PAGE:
A Woman Who Alleges Trump Forcibly Kissed Her Just Won Her First Election

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Among the many elections around the country on Tuesday night, May 8, there was a notable result in the midwest. Donald Trump accuser Rachel Crooks won the Ohio Democratic primary for a seat in the Ohio state legislature. Crooks' primary win means that she advances to the general election in November, when she will compete to become the state representative of Ohio's 88th district.

"We’re still waiting for the final count, but it was uncontested, so we’re happy," Crooks campaign manager Chris Liebold said Tuesday night, per The Washington Post. "We look forward to the race ahead."

Crooks' name first made headlines in October 2016, when she became one of over a dozen women who went public with stories alleging sexual harassment from Donald Trump. During the campaign, Trump denied all accusations made against him, and the White House has said that his accusers are lying.

Crooks' allegation stems from an encounter at Trump Tower in Manhattan in 2005, she told The New York Times in 2016. While she was working as a receptionist for a company that worked at the tower, she introduced her 22-year-old self to Trump, who, she alleges, kissed both her cheeks and then kissed her in the mouth.

In February she recalled her story for The Washington Post. "He started kissing me on one cheek, then the other cheek. He was talking to me in between kisses, asking where I was from, or if I wanted to be a model," Crooks told The Post. "He wouldn’t let go of my hand, and then he went right in and started kissing me on the lips."

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After The Washington Post published its story about Crooks, Trump denied the allegation on Twitter.

"A woman I don't know and, to the best of my knowledge, never met, is on the FRONT PAGE of the Fake News Washington Post saying I kissed her (for two minutes yet) in the lobby of Trump Tower 12 years ago. Never happened! Who would do this in a public space with live security cameras ..." the president tweeted in February.

Crooks' campaign Twitter account would reply. "Please, by all means, share the footage from the hallway outside the 24th floor residential elevator bank on the morning of January 11, 2006," the account tweeted. "Let’s clear this up for everyone. It’s liars like you in politics that have prompted me to run for office myself."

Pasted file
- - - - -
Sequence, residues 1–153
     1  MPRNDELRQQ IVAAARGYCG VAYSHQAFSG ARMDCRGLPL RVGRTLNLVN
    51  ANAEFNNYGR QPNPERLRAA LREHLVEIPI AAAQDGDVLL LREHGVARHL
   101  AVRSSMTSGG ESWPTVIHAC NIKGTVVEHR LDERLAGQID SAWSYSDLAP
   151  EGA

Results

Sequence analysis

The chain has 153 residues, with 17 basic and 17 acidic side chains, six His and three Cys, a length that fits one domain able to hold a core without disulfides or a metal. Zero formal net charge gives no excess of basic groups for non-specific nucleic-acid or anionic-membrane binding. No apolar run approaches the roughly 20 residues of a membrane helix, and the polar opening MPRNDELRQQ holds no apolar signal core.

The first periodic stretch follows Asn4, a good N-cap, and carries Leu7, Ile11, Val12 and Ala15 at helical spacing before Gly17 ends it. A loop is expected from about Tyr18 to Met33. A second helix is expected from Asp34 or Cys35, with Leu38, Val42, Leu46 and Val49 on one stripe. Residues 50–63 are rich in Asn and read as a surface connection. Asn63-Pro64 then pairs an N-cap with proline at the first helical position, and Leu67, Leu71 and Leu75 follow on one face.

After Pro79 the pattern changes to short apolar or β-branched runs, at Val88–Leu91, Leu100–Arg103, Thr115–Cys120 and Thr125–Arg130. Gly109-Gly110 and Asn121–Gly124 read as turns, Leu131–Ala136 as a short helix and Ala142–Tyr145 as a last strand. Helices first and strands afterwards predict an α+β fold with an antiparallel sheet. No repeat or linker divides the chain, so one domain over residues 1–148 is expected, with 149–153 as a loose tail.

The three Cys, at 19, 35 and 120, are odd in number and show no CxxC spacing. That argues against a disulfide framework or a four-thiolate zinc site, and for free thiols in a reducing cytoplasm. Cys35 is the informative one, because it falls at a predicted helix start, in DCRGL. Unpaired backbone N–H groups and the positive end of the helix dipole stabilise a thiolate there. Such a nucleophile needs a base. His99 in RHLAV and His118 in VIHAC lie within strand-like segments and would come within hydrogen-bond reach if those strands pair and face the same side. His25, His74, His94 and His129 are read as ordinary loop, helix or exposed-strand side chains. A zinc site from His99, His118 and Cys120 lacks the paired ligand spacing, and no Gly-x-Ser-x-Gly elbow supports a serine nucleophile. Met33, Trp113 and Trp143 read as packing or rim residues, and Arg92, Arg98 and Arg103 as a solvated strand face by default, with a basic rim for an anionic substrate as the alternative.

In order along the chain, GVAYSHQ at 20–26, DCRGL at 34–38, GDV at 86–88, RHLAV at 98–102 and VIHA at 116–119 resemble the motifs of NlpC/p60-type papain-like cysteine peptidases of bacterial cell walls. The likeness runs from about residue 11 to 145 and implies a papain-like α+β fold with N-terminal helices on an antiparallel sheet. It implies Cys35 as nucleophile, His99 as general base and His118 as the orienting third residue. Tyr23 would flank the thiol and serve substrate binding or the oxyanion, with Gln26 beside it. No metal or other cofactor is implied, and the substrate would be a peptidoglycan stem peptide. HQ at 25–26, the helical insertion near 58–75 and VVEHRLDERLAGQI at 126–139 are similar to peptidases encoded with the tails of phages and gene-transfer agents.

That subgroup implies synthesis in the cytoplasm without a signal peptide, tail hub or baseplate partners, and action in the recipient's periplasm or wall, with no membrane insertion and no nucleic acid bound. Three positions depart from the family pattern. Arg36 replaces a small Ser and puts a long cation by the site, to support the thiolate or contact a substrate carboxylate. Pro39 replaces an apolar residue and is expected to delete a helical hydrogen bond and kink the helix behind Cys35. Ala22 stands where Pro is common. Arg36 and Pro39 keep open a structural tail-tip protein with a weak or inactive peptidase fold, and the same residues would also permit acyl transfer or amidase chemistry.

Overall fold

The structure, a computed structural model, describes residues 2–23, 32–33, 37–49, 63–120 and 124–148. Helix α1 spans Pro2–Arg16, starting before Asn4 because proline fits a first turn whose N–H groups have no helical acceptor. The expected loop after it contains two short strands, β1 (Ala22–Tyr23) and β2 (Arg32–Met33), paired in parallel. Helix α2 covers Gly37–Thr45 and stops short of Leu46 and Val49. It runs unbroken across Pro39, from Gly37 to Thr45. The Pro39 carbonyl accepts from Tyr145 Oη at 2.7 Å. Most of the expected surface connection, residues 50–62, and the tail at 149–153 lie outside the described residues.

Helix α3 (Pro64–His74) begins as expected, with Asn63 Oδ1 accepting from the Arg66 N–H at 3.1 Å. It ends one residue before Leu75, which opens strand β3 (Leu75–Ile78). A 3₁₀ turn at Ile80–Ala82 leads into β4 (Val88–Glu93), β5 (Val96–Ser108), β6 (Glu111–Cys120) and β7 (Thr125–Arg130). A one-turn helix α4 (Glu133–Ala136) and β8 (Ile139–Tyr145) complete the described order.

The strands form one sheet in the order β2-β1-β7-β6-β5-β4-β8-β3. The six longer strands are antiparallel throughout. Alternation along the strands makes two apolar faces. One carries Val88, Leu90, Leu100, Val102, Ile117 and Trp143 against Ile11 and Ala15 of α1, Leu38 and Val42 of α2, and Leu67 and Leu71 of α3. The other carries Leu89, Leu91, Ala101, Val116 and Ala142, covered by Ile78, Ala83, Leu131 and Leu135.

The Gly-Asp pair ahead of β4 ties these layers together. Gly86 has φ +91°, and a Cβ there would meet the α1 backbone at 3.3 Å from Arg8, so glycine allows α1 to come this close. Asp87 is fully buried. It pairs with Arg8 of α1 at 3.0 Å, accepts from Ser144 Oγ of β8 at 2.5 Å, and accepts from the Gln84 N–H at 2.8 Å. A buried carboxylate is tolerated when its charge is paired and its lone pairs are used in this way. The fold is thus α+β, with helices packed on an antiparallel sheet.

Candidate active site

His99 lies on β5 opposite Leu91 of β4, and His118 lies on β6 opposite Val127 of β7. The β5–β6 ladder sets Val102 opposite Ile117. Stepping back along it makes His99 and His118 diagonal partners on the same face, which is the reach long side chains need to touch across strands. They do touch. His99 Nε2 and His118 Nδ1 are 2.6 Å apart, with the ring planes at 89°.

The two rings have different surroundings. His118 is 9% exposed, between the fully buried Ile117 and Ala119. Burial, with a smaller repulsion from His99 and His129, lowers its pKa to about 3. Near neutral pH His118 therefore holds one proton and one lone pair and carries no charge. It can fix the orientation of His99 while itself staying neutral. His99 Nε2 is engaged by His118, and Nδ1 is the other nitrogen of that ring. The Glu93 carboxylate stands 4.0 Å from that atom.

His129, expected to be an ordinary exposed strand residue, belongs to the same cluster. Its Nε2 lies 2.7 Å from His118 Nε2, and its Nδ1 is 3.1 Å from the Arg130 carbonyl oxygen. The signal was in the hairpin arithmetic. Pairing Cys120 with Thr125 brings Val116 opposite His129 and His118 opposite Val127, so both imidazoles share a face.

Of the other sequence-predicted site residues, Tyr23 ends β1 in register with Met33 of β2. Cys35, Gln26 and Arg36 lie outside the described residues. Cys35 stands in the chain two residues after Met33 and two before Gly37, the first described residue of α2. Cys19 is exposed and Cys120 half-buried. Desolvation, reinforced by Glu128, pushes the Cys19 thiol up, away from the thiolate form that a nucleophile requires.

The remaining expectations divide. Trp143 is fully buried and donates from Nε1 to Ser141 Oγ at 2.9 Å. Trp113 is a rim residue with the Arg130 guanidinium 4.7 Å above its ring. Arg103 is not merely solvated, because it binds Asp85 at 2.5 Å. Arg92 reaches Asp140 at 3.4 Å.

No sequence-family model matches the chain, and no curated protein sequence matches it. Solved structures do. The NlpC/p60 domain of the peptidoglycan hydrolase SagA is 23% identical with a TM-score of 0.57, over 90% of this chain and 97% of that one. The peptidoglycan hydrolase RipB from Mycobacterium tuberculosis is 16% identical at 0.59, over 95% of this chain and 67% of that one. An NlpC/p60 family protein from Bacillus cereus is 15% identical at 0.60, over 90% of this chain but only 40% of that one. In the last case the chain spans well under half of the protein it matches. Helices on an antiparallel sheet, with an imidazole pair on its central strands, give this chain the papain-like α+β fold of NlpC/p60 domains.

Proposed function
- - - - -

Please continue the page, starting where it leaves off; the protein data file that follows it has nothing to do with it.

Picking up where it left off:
By the time the Washington Post piece came around, Crooks, who works as a recruiter at Heidelberg University in Ohio, had launched her bid for the state's legislative seat for its 88th district. Her story has helped lead to a record number of donations for a first-time candidate, her campaign manager told The Washington Post.

"It’s the year of the woman. We have the reaction to Donald Trump, and it’s a change election," Liebold told The Columbus Dispatch ahead of Tuesday's primary. "Rachel hits all those boxes. She’s not a typical politician."

In an interview with a local news station, the 35-year-old candidate said that education would be a big focus on her agenda. "That would be a big priority for me to revamp our public education funding system and return dollars to the schools that need them." she told Toledo's NBC News 24.

Crooks' primary win was among many notable results across the country on Tuesday night, which saw mayoral races and primaries for state legislative seats, gubernatorial races, and Senate seats.

None of the results, however, match the story unfolding in Ohio's 88th district, where a woman who has accused the president of the United States of sexual harassment moved a step closer towards serving in office.